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The Weekly Haul: Week of October 16, 2019

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This week’s an interesting week in terms of the weekly haul. Along with comics, it includes the single most expensive "leisure item" I think I have EVER bought!

Let’s get into ’em…

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When the Tales From the Dark Multiverse things were announced, they were very appealing to me. Re-imaginings of key stories such as Knightfall and The Death of Superman particularly, as key stories that really largely "defined" comics for me as a kid. Stuff to be sort of Elseworlds without the name, slotted into modern stuff. I was keen to get this Knightfall issue…though on reading it, did not enjoy it the way I’d thought I would. I’ll save that for further thought and a possible review.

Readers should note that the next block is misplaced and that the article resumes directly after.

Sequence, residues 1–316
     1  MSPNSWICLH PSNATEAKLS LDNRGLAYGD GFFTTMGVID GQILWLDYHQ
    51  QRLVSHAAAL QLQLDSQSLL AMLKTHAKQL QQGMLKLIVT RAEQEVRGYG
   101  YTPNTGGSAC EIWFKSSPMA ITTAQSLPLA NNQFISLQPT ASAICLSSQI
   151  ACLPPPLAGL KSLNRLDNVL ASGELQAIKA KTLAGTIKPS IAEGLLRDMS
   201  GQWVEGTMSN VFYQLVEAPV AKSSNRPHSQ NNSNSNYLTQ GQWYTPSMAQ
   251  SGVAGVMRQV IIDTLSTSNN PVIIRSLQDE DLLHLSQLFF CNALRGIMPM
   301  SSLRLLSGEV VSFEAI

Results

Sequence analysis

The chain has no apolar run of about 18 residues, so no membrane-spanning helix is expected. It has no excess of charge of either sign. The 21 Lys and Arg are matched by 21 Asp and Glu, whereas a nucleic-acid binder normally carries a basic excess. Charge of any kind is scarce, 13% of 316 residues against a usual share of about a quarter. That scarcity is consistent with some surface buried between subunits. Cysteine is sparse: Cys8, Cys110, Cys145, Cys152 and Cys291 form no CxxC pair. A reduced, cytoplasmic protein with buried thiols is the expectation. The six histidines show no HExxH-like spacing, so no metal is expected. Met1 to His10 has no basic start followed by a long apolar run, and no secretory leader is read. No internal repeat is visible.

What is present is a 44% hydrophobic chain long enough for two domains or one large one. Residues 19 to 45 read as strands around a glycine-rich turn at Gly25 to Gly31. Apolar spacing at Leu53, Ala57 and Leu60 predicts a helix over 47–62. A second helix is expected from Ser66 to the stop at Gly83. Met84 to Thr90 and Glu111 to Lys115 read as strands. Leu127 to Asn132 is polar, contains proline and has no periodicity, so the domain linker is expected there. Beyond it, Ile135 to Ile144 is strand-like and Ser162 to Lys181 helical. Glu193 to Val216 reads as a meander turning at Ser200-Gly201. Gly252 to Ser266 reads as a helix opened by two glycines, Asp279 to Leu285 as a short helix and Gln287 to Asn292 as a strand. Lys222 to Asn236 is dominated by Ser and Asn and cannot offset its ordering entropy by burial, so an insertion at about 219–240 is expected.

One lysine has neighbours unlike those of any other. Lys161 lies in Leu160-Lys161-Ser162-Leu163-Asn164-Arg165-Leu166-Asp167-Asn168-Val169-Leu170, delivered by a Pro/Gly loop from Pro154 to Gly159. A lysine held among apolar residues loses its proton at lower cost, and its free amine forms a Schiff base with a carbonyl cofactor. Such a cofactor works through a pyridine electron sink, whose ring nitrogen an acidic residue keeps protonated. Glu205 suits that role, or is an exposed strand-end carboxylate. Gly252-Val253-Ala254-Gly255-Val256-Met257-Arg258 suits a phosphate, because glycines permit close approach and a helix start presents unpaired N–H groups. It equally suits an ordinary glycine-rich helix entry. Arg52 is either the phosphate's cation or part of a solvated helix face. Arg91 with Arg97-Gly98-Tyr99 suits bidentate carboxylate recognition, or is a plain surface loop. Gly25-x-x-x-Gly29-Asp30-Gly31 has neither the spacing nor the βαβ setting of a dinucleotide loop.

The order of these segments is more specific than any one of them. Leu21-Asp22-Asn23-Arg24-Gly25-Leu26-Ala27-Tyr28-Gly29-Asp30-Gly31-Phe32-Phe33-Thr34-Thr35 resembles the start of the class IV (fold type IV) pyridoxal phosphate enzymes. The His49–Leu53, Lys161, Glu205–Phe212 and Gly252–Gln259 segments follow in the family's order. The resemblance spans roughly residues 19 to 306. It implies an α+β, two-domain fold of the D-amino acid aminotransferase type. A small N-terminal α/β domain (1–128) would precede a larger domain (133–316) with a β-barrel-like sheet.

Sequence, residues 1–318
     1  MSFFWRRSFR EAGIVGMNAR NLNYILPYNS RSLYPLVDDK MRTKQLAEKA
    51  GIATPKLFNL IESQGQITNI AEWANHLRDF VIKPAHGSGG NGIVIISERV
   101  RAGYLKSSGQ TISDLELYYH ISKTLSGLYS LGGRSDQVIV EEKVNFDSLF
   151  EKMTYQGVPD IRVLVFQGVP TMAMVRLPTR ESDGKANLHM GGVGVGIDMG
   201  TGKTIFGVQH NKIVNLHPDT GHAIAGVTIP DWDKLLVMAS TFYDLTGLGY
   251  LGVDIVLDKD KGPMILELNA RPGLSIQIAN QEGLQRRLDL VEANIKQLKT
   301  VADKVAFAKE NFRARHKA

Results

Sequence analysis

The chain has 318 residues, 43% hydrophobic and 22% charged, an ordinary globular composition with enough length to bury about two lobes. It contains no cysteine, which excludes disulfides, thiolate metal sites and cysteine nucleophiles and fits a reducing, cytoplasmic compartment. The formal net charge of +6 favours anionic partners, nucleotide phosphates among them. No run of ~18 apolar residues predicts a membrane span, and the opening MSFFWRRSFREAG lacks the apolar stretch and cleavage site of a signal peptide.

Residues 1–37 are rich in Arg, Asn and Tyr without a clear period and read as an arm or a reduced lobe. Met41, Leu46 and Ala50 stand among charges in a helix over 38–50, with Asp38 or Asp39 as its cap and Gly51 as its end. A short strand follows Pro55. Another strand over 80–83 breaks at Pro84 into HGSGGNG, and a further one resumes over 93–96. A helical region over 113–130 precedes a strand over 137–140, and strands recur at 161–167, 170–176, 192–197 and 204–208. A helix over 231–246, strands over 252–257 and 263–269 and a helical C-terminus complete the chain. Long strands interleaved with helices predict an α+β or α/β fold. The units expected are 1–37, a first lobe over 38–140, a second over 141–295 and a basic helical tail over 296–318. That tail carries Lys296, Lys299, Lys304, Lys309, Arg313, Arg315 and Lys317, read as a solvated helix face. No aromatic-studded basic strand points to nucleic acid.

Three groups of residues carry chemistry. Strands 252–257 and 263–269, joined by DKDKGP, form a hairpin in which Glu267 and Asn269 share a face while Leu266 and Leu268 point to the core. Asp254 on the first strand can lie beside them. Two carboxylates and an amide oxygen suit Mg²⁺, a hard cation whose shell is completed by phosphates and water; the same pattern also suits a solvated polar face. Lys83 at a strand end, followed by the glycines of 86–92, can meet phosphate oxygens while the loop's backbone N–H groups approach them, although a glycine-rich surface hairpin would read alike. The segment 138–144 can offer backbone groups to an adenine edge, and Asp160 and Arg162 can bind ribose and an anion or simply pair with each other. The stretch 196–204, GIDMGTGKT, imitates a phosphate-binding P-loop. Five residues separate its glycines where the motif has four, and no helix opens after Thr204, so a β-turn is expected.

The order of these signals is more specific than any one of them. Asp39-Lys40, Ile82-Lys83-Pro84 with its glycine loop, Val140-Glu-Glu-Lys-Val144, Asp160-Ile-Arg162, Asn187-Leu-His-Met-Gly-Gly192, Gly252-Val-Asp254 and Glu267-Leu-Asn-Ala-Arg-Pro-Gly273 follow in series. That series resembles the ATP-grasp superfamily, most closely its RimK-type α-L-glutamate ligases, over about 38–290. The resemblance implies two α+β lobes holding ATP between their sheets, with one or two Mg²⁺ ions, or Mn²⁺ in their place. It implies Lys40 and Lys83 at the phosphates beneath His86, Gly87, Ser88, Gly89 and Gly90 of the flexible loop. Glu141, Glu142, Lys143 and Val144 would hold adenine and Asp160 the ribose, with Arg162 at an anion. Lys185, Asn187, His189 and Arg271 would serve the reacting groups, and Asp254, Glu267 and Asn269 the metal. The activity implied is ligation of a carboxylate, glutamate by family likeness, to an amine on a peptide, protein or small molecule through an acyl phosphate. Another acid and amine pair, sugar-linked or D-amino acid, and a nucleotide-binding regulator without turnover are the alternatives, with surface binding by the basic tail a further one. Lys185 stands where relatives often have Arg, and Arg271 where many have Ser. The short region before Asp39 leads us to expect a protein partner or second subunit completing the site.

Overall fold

DC really screwed up the DC Dollar Comics Batman #497–printing pages out of order, so you have pages 19, 21, 20, then 22. It’s particularly egregious as it’s a reprint, and not even "just" some new comic having an issue. It’s been published correctly in the past, repeatedly! How it gets screwed up now in 2019 is beyond me.

And perhaps appropriate in a Batman-heavy week is the latest chapter of City of Bane as we near the end of King‘s run on this main title. Particularly appropriate as this arc–if not the entire series–is a sort of "modern riff" on the original Knightfall arc.